High-performance computing for microbiome analysis

6 Feb 2018 - 08:30

As part of the Human Heredity and Health in Africa (H3Africa) project, researchers at UCT are investigating the microorganisms that live in the nasal passageways and throats of children. They are interested in these microbial communities because they have an influence on the likelihood of a child developing pneumonia and wheezing illness, a disease that is a precursor to asthma.

To figure out which types of bacteria are present in the upper airways of children and estimate their abundance, researchers gather samples and use sequencing to analyse a specific region of the microorganisms’ DNA. Such studies may involve hundreds of samples, millions of DNA sequences and hundreds of types of microorganisms. Large-scale projects of this kind require high through-put processing and intensive data management and task scheduling. They also require the help of a bioinformatician – someone who applies information technology to biological and medical research.

Gerrit Botha and Dr Katie Lennard – bioinformaticians based at the Computational Biology Division (CBIO) and members of the Pan African Bioinformatics Network for H3Africa (H3ABioNet) – have developed a streamlined process for analysing microbiome samples on the university’s high-performance computing system.

Such data-analysis pipelines, as they are known, take data inputs and guide them through a number of processing steps that have been linked together. The pipeline Botha and Lennard have developed takes sequencing data and its associated metadata and runs it through pre-processing steps, and alignment and classification algorithms.

“You can just imagine: there are a lot of steps involved, each of which uses different tools. You have to make sure that the output of one tool is compatible with the input of the next,” says Botha. “Our main aim was to build a package that you can give to researchers and that they can use easily.” The pipeline he co-developed has been made available to UCT researchers on the eResearch high-performance computing cluster, and is used in other fields, including oceanography and immunology.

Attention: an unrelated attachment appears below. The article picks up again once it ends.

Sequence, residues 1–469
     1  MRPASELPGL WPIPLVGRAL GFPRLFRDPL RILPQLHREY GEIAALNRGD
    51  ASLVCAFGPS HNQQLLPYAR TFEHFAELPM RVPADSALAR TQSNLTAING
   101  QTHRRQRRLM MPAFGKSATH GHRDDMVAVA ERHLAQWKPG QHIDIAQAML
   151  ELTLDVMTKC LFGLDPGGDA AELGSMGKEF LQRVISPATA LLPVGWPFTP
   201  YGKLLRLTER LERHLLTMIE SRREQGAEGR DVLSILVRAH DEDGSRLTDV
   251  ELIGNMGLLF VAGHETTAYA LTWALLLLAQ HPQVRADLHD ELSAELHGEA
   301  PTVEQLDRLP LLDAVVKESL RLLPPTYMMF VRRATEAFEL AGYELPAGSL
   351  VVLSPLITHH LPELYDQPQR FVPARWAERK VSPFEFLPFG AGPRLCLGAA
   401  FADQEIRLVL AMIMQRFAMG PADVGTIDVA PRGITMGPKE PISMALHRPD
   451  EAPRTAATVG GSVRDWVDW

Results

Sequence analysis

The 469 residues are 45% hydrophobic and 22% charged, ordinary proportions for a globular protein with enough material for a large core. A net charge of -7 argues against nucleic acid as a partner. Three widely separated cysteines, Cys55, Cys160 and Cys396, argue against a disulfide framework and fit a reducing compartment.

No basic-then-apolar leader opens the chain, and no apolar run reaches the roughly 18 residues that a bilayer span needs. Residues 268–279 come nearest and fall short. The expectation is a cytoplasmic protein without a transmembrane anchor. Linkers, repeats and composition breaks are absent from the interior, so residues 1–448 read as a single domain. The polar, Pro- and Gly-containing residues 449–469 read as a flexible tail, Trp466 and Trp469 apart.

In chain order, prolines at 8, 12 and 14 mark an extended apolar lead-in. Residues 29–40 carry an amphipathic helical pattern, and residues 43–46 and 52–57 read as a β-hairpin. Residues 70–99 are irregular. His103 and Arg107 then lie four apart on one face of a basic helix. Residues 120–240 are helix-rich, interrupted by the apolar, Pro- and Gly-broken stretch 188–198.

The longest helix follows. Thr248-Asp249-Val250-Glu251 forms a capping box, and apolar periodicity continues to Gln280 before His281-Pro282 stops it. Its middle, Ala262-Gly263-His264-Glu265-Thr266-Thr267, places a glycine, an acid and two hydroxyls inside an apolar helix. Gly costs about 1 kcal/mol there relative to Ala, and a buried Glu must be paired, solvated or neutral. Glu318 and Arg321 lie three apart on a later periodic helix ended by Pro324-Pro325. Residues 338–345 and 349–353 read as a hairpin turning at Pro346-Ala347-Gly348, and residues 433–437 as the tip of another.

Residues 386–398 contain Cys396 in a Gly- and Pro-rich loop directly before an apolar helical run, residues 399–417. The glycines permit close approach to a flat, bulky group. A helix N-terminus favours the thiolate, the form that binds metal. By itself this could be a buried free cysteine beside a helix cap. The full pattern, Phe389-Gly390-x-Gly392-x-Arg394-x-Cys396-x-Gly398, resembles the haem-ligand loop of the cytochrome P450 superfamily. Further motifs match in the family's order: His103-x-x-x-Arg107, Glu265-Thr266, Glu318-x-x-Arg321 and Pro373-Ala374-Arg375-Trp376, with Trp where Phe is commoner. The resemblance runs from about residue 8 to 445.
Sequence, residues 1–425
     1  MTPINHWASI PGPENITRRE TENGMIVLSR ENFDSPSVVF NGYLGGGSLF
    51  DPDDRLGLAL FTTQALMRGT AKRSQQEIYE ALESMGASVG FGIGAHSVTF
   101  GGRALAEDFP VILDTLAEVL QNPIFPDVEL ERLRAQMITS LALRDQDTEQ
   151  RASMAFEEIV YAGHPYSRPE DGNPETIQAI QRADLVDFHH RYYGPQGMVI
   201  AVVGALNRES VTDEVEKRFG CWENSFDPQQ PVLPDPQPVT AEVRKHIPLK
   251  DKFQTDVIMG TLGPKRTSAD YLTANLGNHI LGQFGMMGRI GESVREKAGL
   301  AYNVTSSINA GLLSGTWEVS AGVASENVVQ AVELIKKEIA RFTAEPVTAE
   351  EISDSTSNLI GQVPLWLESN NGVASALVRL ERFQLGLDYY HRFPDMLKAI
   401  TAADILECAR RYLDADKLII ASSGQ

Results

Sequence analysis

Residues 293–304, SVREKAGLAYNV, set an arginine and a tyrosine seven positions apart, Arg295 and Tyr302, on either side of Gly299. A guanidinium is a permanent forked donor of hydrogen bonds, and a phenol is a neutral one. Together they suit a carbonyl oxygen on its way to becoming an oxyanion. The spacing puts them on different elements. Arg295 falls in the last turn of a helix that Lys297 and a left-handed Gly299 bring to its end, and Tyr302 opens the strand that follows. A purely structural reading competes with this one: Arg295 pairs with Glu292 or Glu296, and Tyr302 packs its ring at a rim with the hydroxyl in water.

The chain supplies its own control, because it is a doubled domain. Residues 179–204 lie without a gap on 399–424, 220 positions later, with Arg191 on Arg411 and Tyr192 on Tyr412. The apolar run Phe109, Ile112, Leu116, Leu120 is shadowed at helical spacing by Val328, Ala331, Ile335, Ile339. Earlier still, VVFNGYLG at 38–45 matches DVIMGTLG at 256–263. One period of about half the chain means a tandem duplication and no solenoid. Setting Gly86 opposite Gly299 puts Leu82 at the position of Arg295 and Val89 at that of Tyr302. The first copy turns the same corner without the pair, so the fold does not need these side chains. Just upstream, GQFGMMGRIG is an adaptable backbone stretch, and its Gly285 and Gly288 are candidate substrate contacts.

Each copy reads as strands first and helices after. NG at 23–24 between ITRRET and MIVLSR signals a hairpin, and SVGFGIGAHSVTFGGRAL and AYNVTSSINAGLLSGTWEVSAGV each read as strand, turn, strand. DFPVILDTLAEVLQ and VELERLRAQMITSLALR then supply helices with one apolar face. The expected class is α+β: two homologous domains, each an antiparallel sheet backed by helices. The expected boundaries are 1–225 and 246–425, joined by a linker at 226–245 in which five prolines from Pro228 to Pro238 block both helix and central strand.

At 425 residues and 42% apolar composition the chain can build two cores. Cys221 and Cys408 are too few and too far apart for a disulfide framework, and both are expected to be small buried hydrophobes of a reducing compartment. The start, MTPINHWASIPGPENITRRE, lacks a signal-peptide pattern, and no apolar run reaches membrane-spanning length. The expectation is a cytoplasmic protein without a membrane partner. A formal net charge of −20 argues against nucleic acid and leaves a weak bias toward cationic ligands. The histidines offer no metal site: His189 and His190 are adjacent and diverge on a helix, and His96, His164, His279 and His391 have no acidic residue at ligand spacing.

In recognition of the need to update the pipeline and improve its efficiency, during October 2016 Botha and other developers tackled the challenge as part of a coding hackathon run by H3ABioNet. The hackathon brought together developers from H3ABioNet who worked in groups of three or four to create solutions for analysing different types of H3Africa data. One group of developers, including Botha, created a new pipeline for microbiome data, which – among other things – facilitates easier software updates and is more portable: that is, it can be used on other computing clusters and personal computers.

Since the hackathon concluded, Botha has been working to convert the pipeline to run using different containerisation software, called Singularity, and to test it on UCT’s cluster. The focus of a recent workshop at the eResearch Africa 2017 conference, containerisation involves encapsulating one or more software applications in a container with its own operating environment. This helps to ensure the software runs reliably across computing environments; applications are easy to deploy and upgrade, and are easily shared. Botha’s work on containerisation is highly innovative and a leading example of research computing practice.

Once Botha has completed this conversion and testing, the new pipeline will be made available to UCT researchers on the high-performance computing cluster. Other institutions and researchers will also be able to run this pipeline on their computing clusters and personal computers.


A hackathon is an event in which computer programmers get together to do intensive, collaborative computer programming. Their goal is to create usable software. Hackathons may last from a few hours to a few days. Other people involved in software development, such as graphic designers, interface designers and project managers – and sometimes subject-matter experts – may also attend hackathons, which tend to have a specific focus.